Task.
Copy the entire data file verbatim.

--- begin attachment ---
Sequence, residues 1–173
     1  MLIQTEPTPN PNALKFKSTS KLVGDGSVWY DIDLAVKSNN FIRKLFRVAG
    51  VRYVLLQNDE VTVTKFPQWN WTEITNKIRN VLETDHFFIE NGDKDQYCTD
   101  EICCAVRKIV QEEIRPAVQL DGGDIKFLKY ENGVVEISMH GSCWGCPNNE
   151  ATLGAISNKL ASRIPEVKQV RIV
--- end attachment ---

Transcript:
Sequence, residues 1–173
     1  MLIQTEPTPN PNALKFKSTS KLVGDGSVWY DIDLAVKSNN FIRKLFRVAG
    51  VRYVLLQNDE VTVTKFPQWN WTEITNKIRN VLETDHFFIE NGDKDQYCTD
   101  EICCAVRKIV QEEIRPAVQL DGGDIKFLKY ENGVVEISMH GSCWGCPNNE
   151  ATLGAISNKL ASRIPEVKQV RIV